Labour to rewrite nurseries curriculum
Early learning: Policy to embrace partnership of public and private sector for under-fives
Tuesday 26 December 1995
The party is already looking at projects which might form the model for its aims to expand nursery education and day care. One involves a private company, set up by a Labour council, which has taken over all day nurseries in a Tory borough.
In a paper to be launched in the New Year, the party will condemn the Government's nursery plans, despite recent reports that the party might not withdraw the pounds 1,100 vouchers if it came to power after their introduction. It is likely to promise nursery education for all three- and four-year-olds, as well as day care for babies and toddlers.
Though Labour has not costed its plans, experts have estimated that between pounds 1.02bn and pounds 1.04bn per year might be needed to provide part-time nursery education for three-year-olds and full-time schooling for four-year-olds. A fully integrated under-fives service, including day care, would cost around pounds 2.7bn per year.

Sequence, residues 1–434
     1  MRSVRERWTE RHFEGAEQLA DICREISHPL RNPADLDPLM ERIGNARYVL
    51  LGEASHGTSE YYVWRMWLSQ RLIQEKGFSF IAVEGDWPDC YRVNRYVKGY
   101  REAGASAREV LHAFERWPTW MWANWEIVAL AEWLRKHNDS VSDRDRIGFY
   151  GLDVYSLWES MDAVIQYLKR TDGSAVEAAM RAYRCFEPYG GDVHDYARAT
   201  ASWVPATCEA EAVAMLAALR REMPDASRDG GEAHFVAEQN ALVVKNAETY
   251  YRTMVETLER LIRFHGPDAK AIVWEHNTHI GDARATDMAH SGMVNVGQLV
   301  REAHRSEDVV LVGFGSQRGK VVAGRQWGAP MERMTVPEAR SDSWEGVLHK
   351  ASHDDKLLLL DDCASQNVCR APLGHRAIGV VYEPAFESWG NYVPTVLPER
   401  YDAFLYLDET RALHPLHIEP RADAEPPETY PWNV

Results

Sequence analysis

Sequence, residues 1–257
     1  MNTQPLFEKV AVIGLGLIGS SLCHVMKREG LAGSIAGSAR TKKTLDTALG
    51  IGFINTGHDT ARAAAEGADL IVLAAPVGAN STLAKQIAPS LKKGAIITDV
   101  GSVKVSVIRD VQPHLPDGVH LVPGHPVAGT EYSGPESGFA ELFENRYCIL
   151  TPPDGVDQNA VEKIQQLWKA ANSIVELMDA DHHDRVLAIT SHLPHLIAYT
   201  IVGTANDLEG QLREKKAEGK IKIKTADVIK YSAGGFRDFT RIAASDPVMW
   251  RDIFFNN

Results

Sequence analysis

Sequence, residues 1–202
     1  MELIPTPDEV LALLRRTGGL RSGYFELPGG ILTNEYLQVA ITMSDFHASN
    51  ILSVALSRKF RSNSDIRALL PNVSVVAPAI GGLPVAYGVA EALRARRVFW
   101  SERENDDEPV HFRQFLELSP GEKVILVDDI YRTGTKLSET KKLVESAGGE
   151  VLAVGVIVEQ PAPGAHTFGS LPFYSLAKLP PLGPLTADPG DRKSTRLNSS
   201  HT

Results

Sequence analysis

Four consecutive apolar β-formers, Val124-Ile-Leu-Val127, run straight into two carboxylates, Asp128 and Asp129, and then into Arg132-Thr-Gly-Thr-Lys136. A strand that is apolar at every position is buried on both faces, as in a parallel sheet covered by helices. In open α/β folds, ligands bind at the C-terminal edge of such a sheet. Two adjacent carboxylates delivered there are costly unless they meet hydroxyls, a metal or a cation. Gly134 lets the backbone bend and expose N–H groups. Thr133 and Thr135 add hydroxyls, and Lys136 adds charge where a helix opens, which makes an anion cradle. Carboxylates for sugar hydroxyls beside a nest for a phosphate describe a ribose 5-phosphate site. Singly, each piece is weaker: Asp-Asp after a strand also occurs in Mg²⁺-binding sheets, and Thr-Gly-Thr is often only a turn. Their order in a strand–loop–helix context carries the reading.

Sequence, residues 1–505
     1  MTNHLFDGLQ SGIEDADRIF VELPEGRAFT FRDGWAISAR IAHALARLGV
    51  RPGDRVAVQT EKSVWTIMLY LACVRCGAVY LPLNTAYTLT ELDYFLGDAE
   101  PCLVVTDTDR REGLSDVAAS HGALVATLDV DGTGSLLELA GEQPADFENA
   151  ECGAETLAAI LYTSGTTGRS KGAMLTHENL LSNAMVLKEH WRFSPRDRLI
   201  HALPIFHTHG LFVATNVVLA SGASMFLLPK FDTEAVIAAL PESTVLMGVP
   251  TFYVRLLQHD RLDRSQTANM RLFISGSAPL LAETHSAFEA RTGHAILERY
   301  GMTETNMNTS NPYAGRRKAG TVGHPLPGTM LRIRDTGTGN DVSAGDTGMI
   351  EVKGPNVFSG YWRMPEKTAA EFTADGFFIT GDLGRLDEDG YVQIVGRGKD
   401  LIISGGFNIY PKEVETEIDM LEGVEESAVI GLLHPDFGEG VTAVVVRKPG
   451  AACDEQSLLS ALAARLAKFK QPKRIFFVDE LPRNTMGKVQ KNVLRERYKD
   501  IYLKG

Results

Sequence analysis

Margaret Hodge, head of the party's "early years" inquiry and MP for Barking, said Labour had to recognise that things had changed since Margaret Thatcher first promised nursery education for all in 1972. Part-time care would no longer suffice because far more mothers now worked, she said.
"We will have to build on the legacy we inherit, and so we would have to look for partnerships with the private and voluntary sector to create these places for children. We have got to be imaginative if we are to provide access to all," she said.
The party's new policy foresees an integrated under-fives service, often run by partnerships of private, public and voluntary organisations. Local authorities would still be responsible for planning and inspection.
Nurseries might be built by private companies, such as supermarkets, in return for planning permission for developments, and could be run by a local authority or by a voluntary organisation. Mrs Hodge said there should be flexibility so that authorities in different areas of the country could meet local needs in their own ways.
Labour would also scrap plans drawn up by the School Curriculum and Assessment Authority (SCAA) for a nursery curriculum which sets down basic targets for levels of numeracy, literacy and general knowledge.
Instead, it is examining a project set up by all major groups representing nursery and childcare organisations to design a new curriculum from birth to the age of eight.
The Early Childhood Education Forum is just finishing a first draft of its plan, Quality and Diversity. Its authors say the SCAA curriculum is too rigid and could even be damaging.
Instead, they propose five "foundations", based on active learning, pupil participation and imagination, as well as on building a sense of individuality and of group membership.
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